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Hop aboard the coolest tech at the Olympics 2020

All Olympic and Paralympic games feature some cool technology, and this year was no different. E-Palettes are built specially for the athletes – find out what they are and know more about their features.

One of the unexpected stars of the 2021 Olympics was Toyota’s self-driving shuttle. Now that the Olympics are over, will we see them again?
You may have noticed athletes being ferried around the Olympic village in box-shaped, futuristic-looking buses – these are Toyota’s e-Palettes. As one of the top sponsors of the Games, Toyota provided upgraded e-Palettes for the Tokyo Olympics and Paralympics 2020.
What’s so great about the e-Palette is that not only is it a battery electric vehicle with a range of about 93 miles (keeping in theme with sustainability at the Games), but it’s also an automated vehicle i.e. it is self-driving.
The driverless minibus uses level four automation technology, which means it can perform all driving tasks itself under specific conditions. In total there are six levels of driverless technology created by the SAE International. You can find out more about these levels here. While SAE level four doesn’t require any human interaction, the e-Palettes at the Olympics had an operator onboard for safety and to monitor the self-driving shuttle. Other safety measures include capping the speed of the shuttle to around 12 mph and fitting the e-Palette with Toyota’s Safety Sense technology which includes lane assist and detection of road signs, vehicles and pedestrians around the e-Palette. There’s still a lot of confusion between self-driving and driverless cars, their safety, which cars are currently self-driving and how to insure such cars. We’ve created a bespoke guide on self-driving cars to provide more clarity on what these terms mean.

Toyota e-Palette: Tokyo 2020 version

The Olympics version of the e-Palettes was carefully designed, keeping in mind the needs of the athletes, especially at the Paralympics.
The minibuses have large doors and low floors with electric ramps for improved accessibility, inside the bus there are handrails and seats for a comfortable journey around the village and contrasting colours have been used on the interiors and exteriors to support those suffering from colour-blindness. The multi-passenger shuttle follows a pre-set route and can carry up to 19 athletes and officials at once, with the 20th passenger being the operator or accommodate four passengers in a wheelchair along with seven others standing. There are always at least 12 such shuttles operating round-the-clock to get the players back and forth from the village to the venues.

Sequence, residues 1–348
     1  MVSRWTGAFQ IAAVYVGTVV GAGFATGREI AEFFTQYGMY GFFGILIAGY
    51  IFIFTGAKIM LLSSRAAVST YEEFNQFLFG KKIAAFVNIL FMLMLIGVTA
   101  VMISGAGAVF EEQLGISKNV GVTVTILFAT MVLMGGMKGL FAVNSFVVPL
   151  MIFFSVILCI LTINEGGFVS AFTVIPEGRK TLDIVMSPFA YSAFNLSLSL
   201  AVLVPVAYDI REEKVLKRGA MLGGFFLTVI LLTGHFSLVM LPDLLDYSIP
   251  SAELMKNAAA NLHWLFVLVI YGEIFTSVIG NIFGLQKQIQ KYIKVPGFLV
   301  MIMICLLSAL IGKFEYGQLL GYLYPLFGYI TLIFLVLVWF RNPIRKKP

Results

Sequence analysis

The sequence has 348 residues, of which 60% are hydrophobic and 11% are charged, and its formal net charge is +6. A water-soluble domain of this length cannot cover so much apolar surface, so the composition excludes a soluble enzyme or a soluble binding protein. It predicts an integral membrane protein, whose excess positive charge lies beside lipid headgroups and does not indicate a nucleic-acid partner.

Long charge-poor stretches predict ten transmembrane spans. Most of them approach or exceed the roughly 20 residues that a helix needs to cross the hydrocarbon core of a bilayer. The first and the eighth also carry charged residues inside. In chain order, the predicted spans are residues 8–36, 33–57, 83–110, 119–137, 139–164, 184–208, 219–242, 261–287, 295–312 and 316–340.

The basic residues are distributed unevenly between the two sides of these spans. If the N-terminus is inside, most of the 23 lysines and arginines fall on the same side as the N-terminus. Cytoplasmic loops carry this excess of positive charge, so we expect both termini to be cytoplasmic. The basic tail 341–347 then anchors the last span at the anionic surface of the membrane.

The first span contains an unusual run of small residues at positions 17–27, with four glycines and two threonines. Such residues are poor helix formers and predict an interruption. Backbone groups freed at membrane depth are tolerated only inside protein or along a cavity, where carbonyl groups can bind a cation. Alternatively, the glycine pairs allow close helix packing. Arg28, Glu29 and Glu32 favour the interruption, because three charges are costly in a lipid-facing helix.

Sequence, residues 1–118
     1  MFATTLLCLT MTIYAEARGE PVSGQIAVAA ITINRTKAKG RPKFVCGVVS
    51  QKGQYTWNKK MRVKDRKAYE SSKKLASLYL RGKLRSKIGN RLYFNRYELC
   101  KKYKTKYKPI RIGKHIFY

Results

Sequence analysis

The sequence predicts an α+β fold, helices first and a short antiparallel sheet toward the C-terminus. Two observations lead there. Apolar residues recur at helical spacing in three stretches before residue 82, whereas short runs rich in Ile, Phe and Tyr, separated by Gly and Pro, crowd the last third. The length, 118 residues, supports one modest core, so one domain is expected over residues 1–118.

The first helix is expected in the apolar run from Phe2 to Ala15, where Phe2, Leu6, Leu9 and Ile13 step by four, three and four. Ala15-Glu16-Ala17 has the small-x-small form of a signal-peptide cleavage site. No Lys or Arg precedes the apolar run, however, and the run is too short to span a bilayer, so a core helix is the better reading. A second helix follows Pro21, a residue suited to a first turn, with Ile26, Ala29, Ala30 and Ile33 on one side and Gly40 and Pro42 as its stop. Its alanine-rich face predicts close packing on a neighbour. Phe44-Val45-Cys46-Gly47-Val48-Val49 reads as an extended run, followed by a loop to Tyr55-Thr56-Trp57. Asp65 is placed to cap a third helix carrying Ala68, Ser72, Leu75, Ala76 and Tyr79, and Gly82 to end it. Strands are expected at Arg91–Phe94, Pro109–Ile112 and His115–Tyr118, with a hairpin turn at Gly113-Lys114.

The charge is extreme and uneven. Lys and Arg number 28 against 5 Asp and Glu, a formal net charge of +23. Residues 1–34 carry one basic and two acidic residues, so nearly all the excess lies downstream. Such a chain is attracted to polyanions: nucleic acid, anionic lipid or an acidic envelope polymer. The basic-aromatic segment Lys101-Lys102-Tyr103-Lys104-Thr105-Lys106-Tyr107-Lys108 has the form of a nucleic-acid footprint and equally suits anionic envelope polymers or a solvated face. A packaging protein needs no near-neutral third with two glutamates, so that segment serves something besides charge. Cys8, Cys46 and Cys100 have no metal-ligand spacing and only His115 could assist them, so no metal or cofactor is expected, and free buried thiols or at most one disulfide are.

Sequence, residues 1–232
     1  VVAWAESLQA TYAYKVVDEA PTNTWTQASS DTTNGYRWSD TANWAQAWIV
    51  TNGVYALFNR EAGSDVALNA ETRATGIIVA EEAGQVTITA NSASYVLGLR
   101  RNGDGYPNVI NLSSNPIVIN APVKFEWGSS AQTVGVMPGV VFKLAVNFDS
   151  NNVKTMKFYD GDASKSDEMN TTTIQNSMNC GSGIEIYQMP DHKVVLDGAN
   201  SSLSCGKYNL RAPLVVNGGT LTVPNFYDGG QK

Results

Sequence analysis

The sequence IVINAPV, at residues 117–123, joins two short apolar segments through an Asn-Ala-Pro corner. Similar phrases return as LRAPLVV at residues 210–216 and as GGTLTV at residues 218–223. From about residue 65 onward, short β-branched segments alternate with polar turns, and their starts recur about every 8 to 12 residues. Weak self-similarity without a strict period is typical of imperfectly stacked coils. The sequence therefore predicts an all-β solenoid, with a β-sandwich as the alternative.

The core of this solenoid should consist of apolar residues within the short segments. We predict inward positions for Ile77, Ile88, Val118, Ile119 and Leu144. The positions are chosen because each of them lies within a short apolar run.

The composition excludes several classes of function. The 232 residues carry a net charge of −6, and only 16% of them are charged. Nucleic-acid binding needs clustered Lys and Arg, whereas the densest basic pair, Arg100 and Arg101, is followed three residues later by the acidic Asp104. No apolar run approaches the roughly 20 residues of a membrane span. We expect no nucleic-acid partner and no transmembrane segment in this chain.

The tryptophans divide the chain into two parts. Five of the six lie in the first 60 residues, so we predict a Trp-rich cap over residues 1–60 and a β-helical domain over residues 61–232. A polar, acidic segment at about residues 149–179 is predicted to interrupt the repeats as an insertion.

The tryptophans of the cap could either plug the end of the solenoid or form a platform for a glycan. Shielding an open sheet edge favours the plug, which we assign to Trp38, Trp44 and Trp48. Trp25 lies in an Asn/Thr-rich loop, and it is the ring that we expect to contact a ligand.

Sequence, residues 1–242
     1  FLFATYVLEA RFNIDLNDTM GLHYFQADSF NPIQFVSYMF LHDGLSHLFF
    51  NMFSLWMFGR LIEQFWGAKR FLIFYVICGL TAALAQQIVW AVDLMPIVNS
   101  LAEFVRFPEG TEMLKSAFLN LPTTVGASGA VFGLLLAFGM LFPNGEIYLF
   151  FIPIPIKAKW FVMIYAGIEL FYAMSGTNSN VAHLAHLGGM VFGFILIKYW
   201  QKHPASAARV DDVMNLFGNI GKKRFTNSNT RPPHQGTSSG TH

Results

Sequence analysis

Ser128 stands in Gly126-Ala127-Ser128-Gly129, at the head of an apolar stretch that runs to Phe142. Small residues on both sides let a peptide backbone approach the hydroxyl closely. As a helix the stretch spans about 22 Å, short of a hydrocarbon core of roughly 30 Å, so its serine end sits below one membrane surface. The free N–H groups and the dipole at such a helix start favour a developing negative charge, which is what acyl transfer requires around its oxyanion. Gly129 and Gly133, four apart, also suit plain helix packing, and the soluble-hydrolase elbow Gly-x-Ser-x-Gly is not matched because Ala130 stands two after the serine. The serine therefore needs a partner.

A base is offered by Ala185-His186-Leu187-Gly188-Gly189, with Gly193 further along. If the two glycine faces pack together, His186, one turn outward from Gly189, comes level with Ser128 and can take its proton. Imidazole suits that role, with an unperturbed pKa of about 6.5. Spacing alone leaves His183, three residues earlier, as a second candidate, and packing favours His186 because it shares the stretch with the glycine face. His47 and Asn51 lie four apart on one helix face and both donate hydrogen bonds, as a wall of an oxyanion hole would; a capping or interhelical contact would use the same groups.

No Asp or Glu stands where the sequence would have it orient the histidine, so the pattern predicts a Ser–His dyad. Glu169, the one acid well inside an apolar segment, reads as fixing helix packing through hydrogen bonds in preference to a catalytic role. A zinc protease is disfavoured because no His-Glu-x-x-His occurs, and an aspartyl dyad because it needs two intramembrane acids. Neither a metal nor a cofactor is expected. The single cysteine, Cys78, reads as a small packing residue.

Self-driving technology: are these cars available yet?

The Games presented Toyota with a great opportunity to test and trial the e-Palette’s real-life application, to commercialise the technology in the near future.
In April 2021, the Department for Transport (DfT) announced that the UK could see self-driving tech being used for the first time on the road by the end of 2021. Currently, the plan is to start by allowing vehicles to legally use Automated Lane Keeping Systems (ALKS), a technology capable of self-driving the vehicle in a single lane and return control to the driver when needed. Cars using ALKS technology will still need to receive GB type approval and prove that there’s no challenge to the vehicle’s ability to self-drive to be listed under the Automated and Electric Vehicles Act 2018 (AEVA). Related: Self-driving cars on UK motorways in 2021 It’s hoped that self-driving technology will revolutionise transportation in the UK by increasing road safety and reducing emissions and road congestion. It’s predicted that in 10 years’ time, "automated driving systems could prevent 47,000 serious accidents and save 3,900 lives", as per the SMMT Chief Executive, Mike Hawes. It will also help create jobs in the professional, technical and skilled trade sectors. The government is also looking at making changes to the Highway Code to welcome automated driving technology in the UK and set clear guidelines about what the requirements and responsibilities will be between the driver and the car. Car manufacturers like Tesla and Mercedes are constantly testing new technologies that can be adapted in their latest models. Find out more about the latest technologies that are giving cars more control and what to expect from self-driving cars in the next few years.

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